Since I argued to re-open this question I should put the effort in to answer it :)
As other answers have pointed out, there are important cultural reasons why we use cubical bricks, and different architectural traditions may predominantly use bricks of different shapes. Not all bricks are cuboid - if you look at a brick building that contains arches (such as an old bridge or railway station) you will find that it contains bricks that are not quite cuboid in shape. However, I would say that cuboid bricks are the optimal shape for the purpose they're designed for, which is to build relatively thin straight-sided vertical walls that are usually at right-angles to one another.
The first consideration is that the wall needs to be straight. Having the top and bottom surfaces of the brick parallel to one another is a good way to do this. You could do it in other ways. For example, by using bricks that are trapezoidal in cross-section. The picture below illustrates this, along with the problem it would bring:
Although the wall would be straight-sided, each brick is sitting on an inclined plane, and thus wants to slide out sideways. Although the mortar would prevent this, such a wall would be less stable, and also less practical to build.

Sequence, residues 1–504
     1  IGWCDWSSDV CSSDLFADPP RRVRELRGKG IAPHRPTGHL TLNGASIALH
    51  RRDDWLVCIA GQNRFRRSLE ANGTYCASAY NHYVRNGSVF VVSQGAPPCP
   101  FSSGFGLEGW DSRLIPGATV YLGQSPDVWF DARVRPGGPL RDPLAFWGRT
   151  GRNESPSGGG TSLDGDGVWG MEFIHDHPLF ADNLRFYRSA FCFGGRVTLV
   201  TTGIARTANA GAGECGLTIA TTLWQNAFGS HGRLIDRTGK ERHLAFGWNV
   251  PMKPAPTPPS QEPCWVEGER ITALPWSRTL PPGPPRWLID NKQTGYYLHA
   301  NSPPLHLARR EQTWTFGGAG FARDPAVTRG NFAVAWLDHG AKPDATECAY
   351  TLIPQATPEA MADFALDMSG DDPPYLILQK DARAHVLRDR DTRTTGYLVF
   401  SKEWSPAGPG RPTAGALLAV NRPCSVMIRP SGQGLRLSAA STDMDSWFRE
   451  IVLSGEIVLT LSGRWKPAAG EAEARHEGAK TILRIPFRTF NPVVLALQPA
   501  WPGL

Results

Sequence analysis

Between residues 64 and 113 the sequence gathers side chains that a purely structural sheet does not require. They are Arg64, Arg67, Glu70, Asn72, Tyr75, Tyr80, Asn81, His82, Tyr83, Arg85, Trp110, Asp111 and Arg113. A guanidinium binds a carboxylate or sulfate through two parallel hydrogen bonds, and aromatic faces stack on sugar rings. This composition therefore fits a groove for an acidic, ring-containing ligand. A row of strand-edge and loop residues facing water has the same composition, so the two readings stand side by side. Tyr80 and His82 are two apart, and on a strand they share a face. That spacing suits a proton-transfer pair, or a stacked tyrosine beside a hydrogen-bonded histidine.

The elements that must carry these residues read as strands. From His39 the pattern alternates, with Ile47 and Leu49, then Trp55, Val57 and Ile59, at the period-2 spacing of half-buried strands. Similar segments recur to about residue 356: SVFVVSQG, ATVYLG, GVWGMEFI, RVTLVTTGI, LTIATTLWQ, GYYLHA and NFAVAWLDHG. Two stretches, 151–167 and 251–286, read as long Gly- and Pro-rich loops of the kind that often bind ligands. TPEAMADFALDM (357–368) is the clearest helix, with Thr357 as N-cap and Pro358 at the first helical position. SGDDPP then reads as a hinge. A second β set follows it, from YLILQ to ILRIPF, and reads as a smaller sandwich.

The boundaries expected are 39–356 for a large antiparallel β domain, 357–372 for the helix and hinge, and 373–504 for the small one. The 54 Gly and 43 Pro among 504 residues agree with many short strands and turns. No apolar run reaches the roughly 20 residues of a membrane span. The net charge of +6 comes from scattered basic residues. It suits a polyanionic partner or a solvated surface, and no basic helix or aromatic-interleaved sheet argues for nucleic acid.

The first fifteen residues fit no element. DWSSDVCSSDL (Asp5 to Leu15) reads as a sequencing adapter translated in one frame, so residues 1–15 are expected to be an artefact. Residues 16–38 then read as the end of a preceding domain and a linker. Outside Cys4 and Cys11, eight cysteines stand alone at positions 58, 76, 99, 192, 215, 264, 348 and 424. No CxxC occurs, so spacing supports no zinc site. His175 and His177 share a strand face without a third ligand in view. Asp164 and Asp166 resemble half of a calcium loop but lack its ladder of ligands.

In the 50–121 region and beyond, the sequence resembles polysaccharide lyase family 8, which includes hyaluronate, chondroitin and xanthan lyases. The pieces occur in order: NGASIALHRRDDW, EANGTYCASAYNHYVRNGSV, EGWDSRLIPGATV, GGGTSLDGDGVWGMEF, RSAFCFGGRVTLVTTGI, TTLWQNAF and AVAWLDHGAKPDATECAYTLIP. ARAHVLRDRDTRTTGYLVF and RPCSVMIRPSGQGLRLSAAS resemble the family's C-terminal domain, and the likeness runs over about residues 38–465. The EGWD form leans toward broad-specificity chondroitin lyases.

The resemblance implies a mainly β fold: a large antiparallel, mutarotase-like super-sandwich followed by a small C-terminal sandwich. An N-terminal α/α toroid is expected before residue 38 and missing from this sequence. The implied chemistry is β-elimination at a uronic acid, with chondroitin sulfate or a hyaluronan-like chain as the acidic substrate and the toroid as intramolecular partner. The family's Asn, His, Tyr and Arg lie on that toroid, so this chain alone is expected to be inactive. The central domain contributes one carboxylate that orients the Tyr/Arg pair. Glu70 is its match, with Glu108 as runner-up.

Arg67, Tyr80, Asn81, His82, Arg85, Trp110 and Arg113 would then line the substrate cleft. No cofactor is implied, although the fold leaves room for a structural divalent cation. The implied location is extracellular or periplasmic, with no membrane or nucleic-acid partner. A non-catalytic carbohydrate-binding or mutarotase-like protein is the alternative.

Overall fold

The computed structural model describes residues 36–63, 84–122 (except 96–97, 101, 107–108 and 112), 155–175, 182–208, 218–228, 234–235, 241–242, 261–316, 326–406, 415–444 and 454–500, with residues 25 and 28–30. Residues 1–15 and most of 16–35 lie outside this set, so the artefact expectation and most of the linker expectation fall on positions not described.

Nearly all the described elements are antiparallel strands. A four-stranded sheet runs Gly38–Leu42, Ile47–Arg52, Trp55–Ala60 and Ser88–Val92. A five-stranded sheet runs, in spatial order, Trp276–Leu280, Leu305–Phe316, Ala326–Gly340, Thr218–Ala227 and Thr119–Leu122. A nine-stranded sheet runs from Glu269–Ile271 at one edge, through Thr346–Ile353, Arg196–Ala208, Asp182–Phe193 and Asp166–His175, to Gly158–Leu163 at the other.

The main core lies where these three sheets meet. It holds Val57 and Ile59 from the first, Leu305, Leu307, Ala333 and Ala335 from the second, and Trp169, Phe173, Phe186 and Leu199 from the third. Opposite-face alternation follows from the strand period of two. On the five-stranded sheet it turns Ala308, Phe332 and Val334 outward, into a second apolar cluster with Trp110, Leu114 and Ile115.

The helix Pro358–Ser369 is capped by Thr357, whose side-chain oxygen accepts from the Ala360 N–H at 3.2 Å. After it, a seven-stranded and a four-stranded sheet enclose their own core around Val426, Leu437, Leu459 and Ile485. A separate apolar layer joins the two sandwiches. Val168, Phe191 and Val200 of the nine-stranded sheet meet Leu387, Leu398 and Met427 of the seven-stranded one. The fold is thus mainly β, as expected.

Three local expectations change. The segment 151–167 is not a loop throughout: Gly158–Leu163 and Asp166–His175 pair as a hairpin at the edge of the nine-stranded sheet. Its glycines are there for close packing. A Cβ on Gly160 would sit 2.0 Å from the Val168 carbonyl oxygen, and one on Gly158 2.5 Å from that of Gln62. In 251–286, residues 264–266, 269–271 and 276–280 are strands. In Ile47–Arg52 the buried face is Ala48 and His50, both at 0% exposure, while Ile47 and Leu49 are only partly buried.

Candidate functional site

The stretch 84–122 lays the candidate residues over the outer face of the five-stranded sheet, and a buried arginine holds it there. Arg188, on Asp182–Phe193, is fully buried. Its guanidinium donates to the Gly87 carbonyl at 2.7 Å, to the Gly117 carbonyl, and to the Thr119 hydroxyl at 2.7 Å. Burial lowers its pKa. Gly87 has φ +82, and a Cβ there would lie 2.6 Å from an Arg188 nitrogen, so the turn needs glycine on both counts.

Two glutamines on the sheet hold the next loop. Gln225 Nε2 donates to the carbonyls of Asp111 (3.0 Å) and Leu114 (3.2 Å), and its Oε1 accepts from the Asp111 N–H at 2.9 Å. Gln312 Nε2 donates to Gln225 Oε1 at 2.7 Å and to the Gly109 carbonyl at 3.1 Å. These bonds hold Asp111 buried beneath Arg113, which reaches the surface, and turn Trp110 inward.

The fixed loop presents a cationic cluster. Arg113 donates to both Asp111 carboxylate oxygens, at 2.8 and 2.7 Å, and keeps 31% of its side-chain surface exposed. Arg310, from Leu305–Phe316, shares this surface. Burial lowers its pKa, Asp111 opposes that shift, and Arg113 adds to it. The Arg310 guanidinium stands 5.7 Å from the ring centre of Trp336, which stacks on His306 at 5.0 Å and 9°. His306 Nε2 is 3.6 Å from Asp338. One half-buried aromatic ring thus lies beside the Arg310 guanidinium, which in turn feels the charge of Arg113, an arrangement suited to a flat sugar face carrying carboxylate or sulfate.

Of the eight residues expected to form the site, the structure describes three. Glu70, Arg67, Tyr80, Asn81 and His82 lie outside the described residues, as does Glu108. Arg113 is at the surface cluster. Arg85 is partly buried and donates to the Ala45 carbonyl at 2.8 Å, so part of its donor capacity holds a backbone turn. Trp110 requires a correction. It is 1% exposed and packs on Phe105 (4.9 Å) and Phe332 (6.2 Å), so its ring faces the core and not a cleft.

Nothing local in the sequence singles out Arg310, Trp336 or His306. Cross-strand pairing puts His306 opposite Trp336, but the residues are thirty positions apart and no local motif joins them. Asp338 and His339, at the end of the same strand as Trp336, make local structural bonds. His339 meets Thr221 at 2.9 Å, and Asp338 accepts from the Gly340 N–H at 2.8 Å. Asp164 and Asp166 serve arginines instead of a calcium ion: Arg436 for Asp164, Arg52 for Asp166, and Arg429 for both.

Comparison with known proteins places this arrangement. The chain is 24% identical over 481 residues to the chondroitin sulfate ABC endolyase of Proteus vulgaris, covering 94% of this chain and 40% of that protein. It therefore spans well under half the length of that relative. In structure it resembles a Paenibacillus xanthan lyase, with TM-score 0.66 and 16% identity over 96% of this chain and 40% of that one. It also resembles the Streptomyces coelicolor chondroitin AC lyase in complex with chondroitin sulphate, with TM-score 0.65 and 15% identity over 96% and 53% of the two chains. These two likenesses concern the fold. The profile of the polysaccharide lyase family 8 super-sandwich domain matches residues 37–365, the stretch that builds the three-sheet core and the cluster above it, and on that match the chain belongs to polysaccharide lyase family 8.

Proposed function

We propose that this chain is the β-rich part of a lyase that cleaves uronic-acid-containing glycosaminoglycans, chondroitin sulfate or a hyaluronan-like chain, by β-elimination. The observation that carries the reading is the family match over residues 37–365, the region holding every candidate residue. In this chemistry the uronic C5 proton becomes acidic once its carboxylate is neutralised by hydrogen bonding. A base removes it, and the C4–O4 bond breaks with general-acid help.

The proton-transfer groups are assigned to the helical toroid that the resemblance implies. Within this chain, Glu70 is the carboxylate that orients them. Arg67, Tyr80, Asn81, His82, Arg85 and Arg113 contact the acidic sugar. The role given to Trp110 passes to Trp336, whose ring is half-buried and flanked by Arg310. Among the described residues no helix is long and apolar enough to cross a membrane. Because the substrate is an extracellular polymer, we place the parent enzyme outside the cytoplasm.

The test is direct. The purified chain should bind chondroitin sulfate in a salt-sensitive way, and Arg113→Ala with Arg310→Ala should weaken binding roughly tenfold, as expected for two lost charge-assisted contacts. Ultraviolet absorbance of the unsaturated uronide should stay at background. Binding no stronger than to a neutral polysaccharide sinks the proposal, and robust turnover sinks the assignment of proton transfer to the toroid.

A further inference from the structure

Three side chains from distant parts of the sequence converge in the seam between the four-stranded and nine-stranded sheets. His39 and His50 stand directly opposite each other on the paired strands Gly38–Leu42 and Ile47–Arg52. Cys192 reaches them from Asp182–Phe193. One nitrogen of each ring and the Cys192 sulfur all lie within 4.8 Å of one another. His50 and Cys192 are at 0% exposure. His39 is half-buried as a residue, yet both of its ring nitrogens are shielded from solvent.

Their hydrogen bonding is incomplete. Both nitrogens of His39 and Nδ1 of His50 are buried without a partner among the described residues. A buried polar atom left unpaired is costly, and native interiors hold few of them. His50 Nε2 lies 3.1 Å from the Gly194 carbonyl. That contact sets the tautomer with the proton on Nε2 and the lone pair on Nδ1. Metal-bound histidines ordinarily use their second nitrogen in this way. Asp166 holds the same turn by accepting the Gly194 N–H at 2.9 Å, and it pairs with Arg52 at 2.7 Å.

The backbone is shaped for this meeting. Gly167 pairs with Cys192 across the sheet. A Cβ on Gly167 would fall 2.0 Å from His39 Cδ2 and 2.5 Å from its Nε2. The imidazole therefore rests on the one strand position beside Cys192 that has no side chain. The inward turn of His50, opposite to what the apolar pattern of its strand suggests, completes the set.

Of course, if you want to build an arch or an igloo then this is exactly the sort of brick you need, and if you look at an arch you will see this type of brick:
but this takes us away from our design goal of a vertical wall.
So if you want to build a straight-sided vertical wall then the bricks need to be rectangular in cross-section. This only leaves the "end" surfaces, which in theory could be at any angle as long as they tesselate. However, making them be at right-angles to the other two sides makes it easy to build two walls that join at right-angles without needing to break any bricks, like this:
This also contrains the length of the sides a bit - the bricks must be twice as wide as they are deep in order for that to work. The only free parameter is the height of the brick, which can vary depending on the type of brick. (Think of the shape of a breeze block compared to a red brick.)
So although there are other types of brick suitable for other purposes, the cuboid form is very good for building rectangular-sided buildings with straight walls, and I would say that the design has survived throughout history because of this.